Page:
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DWP demand access in your home & documents


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I agree. I would far rather take my documents to be copied and keep hold of them myself. When I really couldn't avoid that recently, I reluctantly sent them special delivery and they did come back, but I was worried until they arrived.

 

HB

 

My office (Glasgow BC) managed to lose someone's passport. Luckily it was not my section that was to blame, but jeez. So I can quite understand people not wishing to send valuable original documents.

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The idea that all politicians lie is music to the ears of the most egregious liars.

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The council I work for will send a visiting officer to collect documents from someone that can't get out and about. They are taken back to the office, copied and then dropped back off.

 

It's a service- they ring up & ask for it.

Please do not ask me for advice via PM as I will not reply.

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My office (Glasgow BC) managed to lose someone's passport. Luckily it was not my section that was to blame, but jeez. So I can quite understand people not wishing to send valuable original documents.

 

Agree totally.... I wouldn't send mine in.

Please do not ask me for advice via PM as I will not reply.

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My office (Glasgow BC) managed to lose someone's passport. Luckily it was not my section that was to blame, but jeez. So I can quite understand people not wishing to send valuable original documents.

 

Not the DWP but the DVLA lost my friends birth certificate - to add insult to injury she had to pay for a replacement - the DVLA shifted the blame over to the PO and they - well you get the idea.

 

The worry is/was that someone has used it and at some time this person will surface.

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I agree. I would far rather take my documents to be copied and keep hold of them myself. When I really couldn't avoid that recently, I reluctantly sent them special delivery and they did come back, but I was worried until they arrived.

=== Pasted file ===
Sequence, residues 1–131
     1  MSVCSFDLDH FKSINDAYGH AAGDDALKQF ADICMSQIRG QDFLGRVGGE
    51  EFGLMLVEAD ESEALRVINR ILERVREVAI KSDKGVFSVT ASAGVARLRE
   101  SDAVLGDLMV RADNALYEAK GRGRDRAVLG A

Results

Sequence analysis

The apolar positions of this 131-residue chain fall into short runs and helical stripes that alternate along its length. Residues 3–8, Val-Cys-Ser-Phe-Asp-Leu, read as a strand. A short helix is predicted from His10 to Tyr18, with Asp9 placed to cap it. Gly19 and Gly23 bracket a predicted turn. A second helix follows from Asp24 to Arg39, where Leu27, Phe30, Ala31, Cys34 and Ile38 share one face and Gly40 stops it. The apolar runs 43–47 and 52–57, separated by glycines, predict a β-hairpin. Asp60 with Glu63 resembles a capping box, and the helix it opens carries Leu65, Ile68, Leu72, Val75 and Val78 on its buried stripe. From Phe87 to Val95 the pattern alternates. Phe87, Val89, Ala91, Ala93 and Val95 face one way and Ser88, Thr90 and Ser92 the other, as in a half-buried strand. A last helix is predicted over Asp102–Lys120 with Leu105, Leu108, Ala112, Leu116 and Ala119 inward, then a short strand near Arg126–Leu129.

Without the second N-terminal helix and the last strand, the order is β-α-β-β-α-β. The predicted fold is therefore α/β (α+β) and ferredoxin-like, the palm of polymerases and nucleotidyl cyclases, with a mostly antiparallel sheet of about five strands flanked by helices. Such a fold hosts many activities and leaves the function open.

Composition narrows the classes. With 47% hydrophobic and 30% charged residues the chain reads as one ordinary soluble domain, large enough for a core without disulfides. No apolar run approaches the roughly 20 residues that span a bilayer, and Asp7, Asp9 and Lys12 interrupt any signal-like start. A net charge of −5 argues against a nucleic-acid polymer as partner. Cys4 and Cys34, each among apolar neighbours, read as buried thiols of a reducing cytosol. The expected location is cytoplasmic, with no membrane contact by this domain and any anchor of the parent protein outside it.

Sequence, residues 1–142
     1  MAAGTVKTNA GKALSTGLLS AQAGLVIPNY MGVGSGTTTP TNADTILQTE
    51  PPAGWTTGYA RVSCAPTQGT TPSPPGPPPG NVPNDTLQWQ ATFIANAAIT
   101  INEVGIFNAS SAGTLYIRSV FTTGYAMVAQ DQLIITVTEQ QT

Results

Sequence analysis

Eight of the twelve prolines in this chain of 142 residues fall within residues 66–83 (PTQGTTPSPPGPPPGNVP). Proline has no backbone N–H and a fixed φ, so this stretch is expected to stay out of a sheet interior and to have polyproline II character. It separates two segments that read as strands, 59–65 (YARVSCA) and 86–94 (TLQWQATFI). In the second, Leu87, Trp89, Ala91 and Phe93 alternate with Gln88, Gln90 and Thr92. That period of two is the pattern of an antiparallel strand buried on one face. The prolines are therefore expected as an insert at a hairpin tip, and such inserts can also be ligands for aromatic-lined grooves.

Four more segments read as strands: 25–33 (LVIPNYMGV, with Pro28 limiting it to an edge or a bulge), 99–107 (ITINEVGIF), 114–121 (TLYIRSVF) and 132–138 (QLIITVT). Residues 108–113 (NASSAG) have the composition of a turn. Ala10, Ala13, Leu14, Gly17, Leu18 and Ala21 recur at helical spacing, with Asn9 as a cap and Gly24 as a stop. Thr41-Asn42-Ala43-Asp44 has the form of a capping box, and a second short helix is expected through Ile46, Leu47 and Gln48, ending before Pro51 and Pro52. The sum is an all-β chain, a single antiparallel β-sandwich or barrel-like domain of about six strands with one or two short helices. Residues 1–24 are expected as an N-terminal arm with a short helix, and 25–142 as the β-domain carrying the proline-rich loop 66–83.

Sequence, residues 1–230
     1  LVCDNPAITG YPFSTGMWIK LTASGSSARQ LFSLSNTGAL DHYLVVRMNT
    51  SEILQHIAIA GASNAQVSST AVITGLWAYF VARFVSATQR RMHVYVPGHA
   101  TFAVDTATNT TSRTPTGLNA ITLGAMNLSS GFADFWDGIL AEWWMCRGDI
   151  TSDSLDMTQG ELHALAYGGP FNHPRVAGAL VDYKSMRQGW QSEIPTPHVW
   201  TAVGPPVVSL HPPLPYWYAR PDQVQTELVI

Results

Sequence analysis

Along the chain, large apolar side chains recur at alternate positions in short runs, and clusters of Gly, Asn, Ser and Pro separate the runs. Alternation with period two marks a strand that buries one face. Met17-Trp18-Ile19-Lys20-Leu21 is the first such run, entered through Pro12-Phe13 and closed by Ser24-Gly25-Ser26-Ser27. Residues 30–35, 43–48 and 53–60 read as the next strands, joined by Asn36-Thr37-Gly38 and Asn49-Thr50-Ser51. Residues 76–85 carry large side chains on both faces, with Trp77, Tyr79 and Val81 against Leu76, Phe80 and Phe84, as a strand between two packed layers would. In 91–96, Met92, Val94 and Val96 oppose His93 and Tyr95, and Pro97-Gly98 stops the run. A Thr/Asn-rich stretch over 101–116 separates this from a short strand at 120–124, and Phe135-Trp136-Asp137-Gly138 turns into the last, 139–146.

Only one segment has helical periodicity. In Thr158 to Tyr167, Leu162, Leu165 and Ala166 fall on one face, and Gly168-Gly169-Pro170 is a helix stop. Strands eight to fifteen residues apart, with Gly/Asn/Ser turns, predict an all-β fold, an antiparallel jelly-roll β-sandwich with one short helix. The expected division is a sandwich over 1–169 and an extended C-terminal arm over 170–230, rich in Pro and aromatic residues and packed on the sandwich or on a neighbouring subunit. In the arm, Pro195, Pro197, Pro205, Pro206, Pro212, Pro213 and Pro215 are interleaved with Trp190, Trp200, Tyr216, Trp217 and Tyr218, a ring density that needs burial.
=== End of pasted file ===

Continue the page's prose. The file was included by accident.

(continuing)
HB

 

 

last time I was asked to post my documents (BC and MC) I did photocopies of both and paid my GP a tenner to certify they were true copies of the originals he then signed and stamped both with the surgery stamp and I sent them off they were accepted.

 

 

My point is that living on the isle of Wight my post goes through more points then the mainland post (including the hovercraft) and post often goes missing I wont compromise my personal security for anyone.

 

 

My husband did the same thing when he had to send his off to his pension provider, again these were accepted - worth noting if anyone else has the same concerns

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The council I work for will send a visiting officer to collect documents from someone that can't get out and about. They are taken back to the office, copied and then dropped back off.

 

It's a service- they ring up & ask for it.

 

 

 

 

WHAT???? there's no way I would allow that to happen by all means send someone to look at the documents and say they have seen them but take them away - oh dearie me that will never happen with me

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WHAT???? there's no way I would allow that to happen by all means send someone to look at the documents and say they have seen them but take them away - oh dearie me that will never happen with me

 

It's not compulsory.. And they won't take passports or driving licences (photos are taken of those).

 

 

I do agree with your stance - ID fraud is on the rise.

Please do not ask me for advice via PM as I will not reply.

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Was just browsing the whatdotheyknow site and came across this FOI response, dated 16th July 2014;

 

https://www.whatdotheyknow.com/request/we_know_where_you_live#incoming-539693

 

If you read the response from DWP Central, it clearly states you don't have to do the interview in your house and can arrange for it to be done in the DWP's office with no penalty to your benefits. Straight from the horses mouth :)

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Was just browsing the whatdotheyknow site and came across this FOI response, dated 16th July 2014;

 

https://www.whatdotheyknow.com/request/we_know_where_you_live#incoming-539693

 

If you read the response from DWP Central, it clearly states you don't have to do the interview in your house and can arrange for it to be done in the DWP's office with no penalty to your benefits. Straight from the horses mouth :)

 

Which is more or less what we've been saying all along. You absolutely can turn down an unannounced CO visit. But thanks for digging that up - hopefully it will put an end to this silliness.

PLEASE HELP US TO KEEP THIS SITE RUNNING. EVERY POUND DONATED WILL HELP US TO KEEP HELPING OTHERS

 

 

The idea that all politicians lie is music to the ears of the most egregious liars.

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  • 2 weeks later...

This is an interesting thread - a lot of scaremongering and hostility!